FILE - In this Jan. 2, 1984, file photo, Los Angeles Raiders Lyle Alzado gives a fist of victory after the Raiders beat the Pittsburgh Steelers in playoff fooball game in Los Angeles. W

 

              FILE - In this Jan. 2, 1984, file photo, Los Angeles Raiders Lyle Alzado gives a fist of victory after the Raiders beat the Pittsburgh Steelers in playoff fooball game in Los Angeles. W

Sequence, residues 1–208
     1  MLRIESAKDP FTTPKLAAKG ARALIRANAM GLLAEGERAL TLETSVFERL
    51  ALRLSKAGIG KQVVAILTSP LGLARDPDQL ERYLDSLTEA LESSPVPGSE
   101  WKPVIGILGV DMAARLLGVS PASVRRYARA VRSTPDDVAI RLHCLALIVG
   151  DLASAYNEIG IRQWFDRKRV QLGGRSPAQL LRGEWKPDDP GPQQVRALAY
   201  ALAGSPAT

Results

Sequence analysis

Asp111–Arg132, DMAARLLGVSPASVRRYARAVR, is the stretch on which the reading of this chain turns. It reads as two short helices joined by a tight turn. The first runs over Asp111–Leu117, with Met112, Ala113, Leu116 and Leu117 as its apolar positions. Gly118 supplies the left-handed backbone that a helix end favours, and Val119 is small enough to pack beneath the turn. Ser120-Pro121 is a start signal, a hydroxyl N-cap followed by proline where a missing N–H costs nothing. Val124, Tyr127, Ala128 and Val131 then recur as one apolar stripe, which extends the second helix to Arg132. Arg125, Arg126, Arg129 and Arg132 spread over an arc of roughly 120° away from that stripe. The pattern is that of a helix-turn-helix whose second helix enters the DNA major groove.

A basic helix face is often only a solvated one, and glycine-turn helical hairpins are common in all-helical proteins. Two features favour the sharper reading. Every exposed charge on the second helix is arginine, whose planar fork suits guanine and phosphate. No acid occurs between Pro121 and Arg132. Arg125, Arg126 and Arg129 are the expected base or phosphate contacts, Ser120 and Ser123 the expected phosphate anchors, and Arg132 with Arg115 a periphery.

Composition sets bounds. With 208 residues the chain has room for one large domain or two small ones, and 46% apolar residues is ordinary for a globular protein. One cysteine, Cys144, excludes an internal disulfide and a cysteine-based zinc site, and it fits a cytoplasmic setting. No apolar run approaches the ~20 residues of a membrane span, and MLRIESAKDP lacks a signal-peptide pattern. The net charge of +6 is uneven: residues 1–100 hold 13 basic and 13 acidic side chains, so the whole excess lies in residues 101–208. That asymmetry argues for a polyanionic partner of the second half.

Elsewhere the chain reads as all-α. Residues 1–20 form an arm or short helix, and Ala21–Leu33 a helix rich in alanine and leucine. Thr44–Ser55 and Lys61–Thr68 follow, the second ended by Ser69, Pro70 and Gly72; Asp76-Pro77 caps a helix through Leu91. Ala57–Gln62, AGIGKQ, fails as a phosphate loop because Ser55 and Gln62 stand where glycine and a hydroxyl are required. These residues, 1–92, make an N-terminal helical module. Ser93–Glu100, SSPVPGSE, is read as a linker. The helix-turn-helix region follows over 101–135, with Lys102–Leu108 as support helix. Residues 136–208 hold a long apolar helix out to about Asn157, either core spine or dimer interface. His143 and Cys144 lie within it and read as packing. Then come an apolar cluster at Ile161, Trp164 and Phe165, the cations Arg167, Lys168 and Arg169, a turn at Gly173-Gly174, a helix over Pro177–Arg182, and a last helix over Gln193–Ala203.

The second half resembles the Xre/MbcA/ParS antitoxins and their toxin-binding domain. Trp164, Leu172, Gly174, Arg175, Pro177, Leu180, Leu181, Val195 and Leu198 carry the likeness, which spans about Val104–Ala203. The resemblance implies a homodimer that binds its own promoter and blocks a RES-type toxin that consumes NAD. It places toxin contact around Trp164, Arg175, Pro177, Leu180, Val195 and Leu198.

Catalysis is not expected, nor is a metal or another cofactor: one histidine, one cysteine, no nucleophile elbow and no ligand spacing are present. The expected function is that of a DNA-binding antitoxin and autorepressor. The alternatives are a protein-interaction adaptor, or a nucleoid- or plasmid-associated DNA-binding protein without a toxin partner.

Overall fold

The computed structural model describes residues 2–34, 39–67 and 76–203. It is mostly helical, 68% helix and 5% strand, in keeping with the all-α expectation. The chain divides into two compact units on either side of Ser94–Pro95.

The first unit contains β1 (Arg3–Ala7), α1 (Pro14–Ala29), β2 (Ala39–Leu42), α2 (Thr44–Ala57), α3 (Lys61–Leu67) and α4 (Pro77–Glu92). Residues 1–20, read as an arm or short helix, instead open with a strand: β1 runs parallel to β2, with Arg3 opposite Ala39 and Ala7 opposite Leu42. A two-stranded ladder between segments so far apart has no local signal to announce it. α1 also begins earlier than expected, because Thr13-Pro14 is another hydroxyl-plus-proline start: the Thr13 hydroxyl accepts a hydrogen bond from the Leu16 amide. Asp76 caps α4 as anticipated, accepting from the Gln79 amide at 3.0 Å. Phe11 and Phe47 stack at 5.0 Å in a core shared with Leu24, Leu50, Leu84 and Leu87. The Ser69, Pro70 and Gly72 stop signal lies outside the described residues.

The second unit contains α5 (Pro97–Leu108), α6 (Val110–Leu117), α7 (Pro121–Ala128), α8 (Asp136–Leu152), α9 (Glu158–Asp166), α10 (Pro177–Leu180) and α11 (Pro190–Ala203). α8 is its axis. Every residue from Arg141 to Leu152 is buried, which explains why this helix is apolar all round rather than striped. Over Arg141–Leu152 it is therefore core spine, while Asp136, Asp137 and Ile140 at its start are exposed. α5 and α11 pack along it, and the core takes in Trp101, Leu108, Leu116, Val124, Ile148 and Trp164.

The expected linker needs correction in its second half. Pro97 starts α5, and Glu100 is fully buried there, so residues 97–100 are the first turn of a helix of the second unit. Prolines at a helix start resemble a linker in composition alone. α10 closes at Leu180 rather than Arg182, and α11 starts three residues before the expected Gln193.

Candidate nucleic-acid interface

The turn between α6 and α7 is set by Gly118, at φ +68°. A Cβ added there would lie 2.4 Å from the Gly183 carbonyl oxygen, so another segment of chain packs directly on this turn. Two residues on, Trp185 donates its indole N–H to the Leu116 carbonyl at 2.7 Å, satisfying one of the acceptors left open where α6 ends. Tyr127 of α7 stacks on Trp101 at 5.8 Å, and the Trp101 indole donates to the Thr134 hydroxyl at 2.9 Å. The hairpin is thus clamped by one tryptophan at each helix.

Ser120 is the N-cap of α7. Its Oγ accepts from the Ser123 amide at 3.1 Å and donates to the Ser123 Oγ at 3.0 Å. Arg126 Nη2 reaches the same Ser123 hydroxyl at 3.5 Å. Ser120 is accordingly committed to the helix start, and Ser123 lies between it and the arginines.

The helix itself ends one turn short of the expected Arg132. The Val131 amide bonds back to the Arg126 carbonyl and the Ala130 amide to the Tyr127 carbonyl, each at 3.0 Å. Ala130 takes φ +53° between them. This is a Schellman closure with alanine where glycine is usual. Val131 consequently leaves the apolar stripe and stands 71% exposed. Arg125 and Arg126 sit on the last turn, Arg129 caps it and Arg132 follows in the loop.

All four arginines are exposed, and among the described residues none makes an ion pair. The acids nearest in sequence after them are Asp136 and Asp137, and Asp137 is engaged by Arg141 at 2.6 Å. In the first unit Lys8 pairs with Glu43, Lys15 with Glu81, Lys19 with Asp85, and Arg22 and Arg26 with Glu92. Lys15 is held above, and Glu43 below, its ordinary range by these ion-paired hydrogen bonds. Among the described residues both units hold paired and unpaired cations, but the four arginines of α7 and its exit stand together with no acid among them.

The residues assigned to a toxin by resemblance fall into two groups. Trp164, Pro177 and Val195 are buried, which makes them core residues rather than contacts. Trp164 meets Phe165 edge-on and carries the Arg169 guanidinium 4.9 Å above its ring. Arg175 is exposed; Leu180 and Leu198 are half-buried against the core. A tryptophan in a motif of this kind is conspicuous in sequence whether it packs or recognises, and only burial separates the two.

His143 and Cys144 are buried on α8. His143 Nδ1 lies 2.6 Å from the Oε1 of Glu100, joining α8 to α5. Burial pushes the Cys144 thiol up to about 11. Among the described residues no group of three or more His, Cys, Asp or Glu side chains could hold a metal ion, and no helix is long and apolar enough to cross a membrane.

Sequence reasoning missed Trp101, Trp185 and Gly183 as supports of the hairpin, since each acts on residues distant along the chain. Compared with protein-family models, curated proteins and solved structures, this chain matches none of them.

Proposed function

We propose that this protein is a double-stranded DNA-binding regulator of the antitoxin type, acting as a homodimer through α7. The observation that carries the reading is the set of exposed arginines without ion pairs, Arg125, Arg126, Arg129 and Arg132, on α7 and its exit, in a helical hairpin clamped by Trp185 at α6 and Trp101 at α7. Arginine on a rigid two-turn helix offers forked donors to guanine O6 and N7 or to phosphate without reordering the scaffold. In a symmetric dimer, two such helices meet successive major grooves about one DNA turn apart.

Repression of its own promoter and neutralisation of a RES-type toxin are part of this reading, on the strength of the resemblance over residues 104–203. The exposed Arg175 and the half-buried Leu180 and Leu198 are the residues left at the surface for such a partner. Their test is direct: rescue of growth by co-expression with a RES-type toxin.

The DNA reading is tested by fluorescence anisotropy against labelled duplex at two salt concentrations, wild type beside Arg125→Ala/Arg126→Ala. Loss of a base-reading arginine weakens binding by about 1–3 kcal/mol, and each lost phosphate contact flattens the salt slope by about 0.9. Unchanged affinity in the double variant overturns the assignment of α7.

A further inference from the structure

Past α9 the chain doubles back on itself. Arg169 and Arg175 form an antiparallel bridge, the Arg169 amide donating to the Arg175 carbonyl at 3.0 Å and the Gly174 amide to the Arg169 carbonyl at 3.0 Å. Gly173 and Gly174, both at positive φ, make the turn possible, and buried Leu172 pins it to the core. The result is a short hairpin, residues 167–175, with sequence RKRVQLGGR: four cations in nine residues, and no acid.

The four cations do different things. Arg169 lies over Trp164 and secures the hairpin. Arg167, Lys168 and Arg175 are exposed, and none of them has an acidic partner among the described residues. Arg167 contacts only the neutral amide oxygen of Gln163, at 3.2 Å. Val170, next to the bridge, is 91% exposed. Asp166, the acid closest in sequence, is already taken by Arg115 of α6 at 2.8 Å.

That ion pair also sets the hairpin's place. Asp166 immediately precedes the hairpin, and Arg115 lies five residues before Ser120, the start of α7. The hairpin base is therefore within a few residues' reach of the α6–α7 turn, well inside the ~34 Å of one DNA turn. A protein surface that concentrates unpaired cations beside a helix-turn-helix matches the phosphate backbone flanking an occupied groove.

FILE - In this Jan. 2, 1984, file photo, Los Angeles Raiders Lyle Alzado gives a fist of victory after the Raiders beat the Pittsburgh Steelers in playoff fooball game in Los Angeles. With uneven testing for steroids and inconsistent punishment, college football players are packing on significant weight _ in some cases, 30 pounds or more in a single year _ without drawing much attention from their schools or the NCAA in a sport that earns tens of billions of dollars for teams Football's most infamous steroid user was Alzado, who became a star NFL defensive end in the 1970s and 80s before he admitted to juicing his entire career. He started in college, where the 190-pound freshman gained 40 pounds in one year. It was a 21 percent jump in body mass, a tremendous gain that far exceeded what researchers have seen in controlled, short-term studies of steroid use by athletes. Alzado died of brain cancer in 1992. (AP Photo, File)